From UPSC perspective, the following things are important :
Prelims level : Nothig Much
Mains level : Implications of community based reservations
- Ever since the Supreme Court gave its ruling in the Indra Sawhney case, the complications surrounding the issue of OBC reservations have defied solutions.
- As I have argued, identifying backwardness, periodic scrutiny of claims to being backward and ensuring fair treatment of those included in the list of backward communities, constituted three challenges emanating from the Mandal discourse .
- Subsequently, this list of key issues became more complicated by claims from many regionally important peasant communities that they are backward, resulting in crossing the 50 per cent threshold.
Impact of latest Ruling
- The latest ruling of the Bombay High Court is bound to lead to a new route for states to accommodate demands of various communities.
- The Court has approved the report of the M G Gaikwad Commission which undertook studies to examine the status of Marathas and made recommendations about the quantum of reservation.
1.No access to report
- The first question regarding such a policy instrument is this: Can such a far-reaching policy be undertaken without the public having access to the findings of the Commission and without the courts having the benefit of public discussions?
- Can secrecy and urgency be the basis for policies?
- For instance, the projected calculations of the population of backward communities, as is quoted in the HC ruling, appear to be tricky, if not altogether problematic.
- Secondly, the argument of exceptionality is brought into sharp focus by this ruling.
- It is not clear what constitutes an exceptional situation justifying reservation exceeding 50 per cent.
- This is likely to open a Pandora’s Box in that all similar claims by other communities (Gujjars of Rajasthan, Dhangars of Maharashtra and so on) could be accepted as being exceptional.
3. Separate Quota
- Three, the issue of the Maratha quota has brought forward an even more serious issue that the Court has not addressed.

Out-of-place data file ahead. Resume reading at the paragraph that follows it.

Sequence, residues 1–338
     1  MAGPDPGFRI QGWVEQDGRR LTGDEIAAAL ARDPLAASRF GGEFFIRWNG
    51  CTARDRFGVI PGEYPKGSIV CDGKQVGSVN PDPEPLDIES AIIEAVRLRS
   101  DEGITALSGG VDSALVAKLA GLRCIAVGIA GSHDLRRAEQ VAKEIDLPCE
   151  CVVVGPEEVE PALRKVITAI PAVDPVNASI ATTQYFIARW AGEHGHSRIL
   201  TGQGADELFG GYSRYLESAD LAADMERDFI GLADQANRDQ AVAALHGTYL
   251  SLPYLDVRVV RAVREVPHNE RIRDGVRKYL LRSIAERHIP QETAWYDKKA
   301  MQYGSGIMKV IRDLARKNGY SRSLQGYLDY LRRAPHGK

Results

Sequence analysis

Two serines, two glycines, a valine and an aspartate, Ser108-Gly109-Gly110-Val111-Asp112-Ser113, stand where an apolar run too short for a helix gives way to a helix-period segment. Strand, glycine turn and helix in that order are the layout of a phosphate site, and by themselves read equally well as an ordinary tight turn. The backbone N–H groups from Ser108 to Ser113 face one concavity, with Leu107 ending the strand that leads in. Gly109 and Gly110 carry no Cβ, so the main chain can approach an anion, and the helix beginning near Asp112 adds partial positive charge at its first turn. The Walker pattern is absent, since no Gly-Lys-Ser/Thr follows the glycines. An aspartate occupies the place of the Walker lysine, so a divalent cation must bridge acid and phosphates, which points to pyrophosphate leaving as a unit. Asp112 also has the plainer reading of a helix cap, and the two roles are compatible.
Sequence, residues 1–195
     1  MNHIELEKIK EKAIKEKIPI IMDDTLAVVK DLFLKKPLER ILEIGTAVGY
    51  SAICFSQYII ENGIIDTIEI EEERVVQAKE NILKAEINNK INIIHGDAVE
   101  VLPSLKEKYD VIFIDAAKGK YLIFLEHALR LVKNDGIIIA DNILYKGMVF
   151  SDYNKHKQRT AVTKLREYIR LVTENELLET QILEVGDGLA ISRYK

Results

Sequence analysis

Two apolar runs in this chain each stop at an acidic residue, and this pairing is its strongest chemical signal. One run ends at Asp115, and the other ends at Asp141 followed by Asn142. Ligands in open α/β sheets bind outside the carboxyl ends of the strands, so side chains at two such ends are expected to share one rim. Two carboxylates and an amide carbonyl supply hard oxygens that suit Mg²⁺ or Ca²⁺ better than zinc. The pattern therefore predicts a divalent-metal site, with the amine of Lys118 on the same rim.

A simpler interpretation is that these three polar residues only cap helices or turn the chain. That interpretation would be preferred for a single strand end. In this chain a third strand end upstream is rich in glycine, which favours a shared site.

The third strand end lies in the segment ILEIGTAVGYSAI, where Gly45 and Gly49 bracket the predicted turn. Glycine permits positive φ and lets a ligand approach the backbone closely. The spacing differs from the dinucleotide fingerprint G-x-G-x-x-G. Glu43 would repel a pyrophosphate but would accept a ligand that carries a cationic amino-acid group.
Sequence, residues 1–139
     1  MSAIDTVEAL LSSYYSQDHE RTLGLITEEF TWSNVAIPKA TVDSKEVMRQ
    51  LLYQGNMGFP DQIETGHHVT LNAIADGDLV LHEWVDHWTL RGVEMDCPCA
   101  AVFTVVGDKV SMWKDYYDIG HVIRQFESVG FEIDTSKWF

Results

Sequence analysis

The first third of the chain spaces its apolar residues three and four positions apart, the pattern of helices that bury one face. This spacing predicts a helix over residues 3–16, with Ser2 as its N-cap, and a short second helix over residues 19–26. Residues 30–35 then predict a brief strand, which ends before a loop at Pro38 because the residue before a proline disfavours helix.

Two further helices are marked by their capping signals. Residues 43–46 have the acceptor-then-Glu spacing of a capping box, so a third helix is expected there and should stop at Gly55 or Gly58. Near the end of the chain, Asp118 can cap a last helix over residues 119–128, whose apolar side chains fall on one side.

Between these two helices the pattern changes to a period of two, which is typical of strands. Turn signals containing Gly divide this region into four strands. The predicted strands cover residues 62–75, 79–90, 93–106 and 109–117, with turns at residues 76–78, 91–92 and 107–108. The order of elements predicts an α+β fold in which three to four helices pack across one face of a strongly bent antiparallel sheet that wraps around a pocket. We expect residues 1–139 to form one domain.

- Suppose a community is found to be backward and it is not included in the present list of OBCs, what is the justification for creating a separate quota for it?
- However, such a strategy effectively means that one community is assured of a guaranteed quota while all others have to compete within the quota.
- For the 19 per cent reservation for OBCs in the state, all the OBC communities need to compete whereas for the 12 or 13 per cent under the HC ruling, only the Marathas get to compete.
- Reservation, so far, has generally been for a class of citizens belonging to various castes or communities.
- Even the SC and ST quotas are for a group of communities.
- By upholding the “Maratha quota”, the Gaikwad Commission, state of Maharashtra and the High Court seem to be creating precedence for a community-specific quota.
- Such a caste- or community-specific quota has a different logic and trajectory from that of a grouping of communities into classes of citizens deserving affirmative action.
4. Logic of backwardness
- Fourth, in the present case, the logic of backwardness on grounds of traditional status appears to be overwhelmed by the logic of backwardness on grounds of contemporary economy.
- Communities that are mainly rural and numerous are bound to have internal stratification, regional variation and skewed access to resources.
- Evidently, all these are results of contemporary policies and failures of successive state governments to address the wellbeing of a large section of society.
- This tendency of transposing contemporary routes of distress and discrimination onto history tends to undermine the logic behind the social justice policy as understood so far.
- Precisely this same logic of contemporary distress is being used for the reservation for economically weaker sections.
- In this sense, we are rapidly moving away from the constitutional logic behind enabling clauses such as Articles 15 and 16.
- Instead, reservation is seen as the solution to hide distortions of contemporary economic development.
But beyond political compulsions, and beyond legality or constitutionality, this issue poses a larger challenge. That challenge is not merely about semantics, about the meanings of “exceptional” or “adequate representation”. It is to realise that such easy routes endanger societal balance (among groups identified as backward) even as they give a false sense that the issue is amicably resolved.